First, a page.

George W. Bush started off tonight's State of the Union address combative, then turned suddenly toward a whole list of fairly compelling bipartisan ideas.
Bush really believes what he says, and believes that what he wants is best for the world, and he believes the purity of his intentions translates to the purity of his actions. Unfortunately, he makes enormous logical leaps, and he basically said tonight that he won't listen to anyone who suggests he might be wrong. "There is a difference between responsible criticism that aims for success and defeatism," he said. So apparently if you tell him you don't think his plan is going to work he just ignores you. That explains far too much. He said that we need to stay in the Iraq war because if we don't keep fighting terrorists, they'll attack again. What's the link between terrorists and Iraq again? We still don't know. (There may be other reasons not to abandon Iraq now, but the terrorism links have led nowhere). He also asked Congress to re-authorize the Patriot Act, and when the Democrats looked skeptical, said that it was needed, because, he reminded us, right after the World Trade Center attacks, we were all upset that no one had connected the dots about the conspiracy. But that wasn't about a lack of information; it was about failing to understand the information we had. Are we making any progress on that side of things? And then he called for tax cuts.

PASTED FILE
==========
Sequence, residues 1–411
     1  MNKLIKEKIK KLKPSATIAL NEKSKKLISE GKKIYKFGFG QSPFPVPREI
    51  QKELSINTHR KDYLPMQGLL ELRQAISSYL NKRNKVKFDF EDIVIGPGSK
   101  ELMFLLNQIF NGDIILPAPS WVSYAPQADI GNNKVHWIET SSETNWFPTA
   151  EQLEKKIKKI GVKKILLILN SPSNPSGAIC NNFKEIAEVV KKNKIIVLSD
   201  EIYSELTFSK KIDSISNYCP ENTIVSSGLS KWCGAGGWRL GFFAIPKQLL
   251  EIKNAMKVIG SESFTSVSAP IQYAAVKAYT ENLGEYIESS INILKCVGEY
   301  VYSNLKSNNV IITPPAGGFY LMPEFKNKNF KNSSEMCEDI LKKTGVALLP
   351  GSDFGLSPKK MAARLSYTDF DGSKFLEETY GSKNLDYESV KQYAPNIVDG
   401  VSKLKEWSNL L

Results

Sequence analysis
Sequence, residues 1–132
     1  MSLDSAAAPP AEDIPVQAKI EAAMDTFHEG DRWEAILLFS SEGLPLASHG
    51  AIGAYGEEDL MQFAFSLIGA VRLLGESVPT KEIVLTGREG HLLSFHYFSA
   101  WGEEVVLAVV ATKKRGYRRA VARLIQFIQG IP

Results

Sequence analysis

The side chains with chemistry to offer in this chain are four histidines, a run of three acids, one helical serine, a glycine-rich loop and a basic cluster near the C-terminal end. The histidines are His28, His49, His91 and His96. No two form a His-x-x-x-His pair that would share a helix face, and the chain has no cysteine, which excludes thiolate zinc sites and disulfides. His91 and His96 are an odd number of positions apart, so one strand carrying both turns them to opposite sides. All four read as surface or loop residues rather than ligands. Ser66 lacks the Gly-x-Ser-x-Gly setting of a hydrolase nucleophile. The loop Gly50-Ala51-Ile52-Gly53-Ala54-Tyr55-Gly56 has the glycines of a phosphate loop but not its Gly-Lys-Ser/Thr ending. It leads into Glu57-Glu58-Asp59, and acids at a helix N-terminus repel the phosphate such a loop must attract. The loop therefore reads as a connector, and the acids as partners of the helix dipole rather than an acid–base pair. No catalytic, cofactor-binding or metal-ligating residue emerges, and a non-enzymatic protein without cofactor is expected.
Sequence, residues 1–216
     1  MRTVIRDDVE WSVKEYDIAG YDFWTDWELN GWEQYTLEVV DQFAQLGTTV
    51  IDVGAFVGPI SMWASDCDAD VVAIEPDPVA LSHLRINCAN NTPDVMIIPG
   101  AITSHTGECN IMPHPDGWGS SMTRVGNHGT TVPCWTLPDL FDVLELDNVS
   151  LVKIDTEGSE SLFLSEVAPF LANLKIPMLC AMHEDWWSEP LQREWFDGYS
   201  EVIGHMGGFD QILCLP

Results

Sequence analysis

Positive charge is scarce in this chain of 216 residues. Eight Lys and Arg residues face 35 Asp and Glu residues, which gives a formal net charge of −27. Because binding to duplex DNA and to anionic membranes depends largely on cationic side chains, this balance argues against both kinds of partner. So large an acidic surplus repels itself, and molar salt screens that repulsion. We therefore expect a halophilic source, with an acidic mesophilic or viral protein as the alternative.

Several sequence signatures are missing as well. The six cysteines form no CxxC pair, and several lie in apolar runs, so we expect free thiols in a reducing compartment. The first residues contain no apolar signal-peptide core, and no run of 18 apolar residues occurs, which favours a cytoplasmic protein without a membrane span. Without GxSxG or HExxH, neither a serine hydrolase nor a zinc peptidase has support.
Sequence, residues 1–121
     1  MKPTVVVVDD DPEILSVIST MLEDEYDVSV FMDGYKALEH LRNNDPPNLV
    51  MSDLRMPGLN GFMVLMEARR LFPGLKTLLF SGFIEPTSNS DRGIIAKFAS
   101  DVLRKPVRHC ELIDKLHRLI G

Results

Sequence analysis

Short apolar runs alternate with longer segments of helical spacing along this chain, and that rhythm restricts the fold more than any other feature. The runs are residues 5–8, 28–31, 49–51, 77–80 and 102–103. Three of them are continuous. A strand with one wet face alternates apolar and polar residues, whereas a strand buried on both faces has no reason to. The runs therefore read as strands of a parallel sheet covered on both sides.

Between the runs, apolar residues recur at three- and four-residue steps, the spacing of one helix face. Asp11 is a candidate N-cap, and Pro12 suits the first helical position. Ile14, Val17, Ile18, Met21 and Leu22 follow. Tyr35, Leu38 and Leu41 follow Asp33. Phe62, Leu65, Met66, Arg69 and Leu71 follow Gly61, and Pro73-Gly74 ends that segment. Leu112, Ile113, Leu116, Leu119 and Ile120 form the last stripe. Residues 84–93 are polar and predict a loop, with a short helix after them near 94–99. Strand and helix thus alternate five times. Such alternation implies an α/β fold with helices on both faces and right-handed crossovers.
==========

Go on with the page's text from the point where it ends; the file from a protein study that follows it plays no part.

Then all of a sudden he aimed at some common ground. He said that immigration is good. He said that health care should be affordable, though it turned out that what he really meant by that is more people having health savings accounts, which do let you set aside money before taxes to pay for healthcare, but don't lower the doctors' actual bills. He said we need more math and science education and research. And then he said we need more research on alternative fuel sources. George W. Bush actually said we need to "move beyond a petroleum-based economy." Wow. Good idea, and nice to hear it.
The thing is, particularly here in smoggy, traffic-clogged Los Angeles, many people would rather have a car that runs on ethanol than a tax cut. It's just that we don't see how you can have everything at once. Oh, sorry, we're being defea -- logical.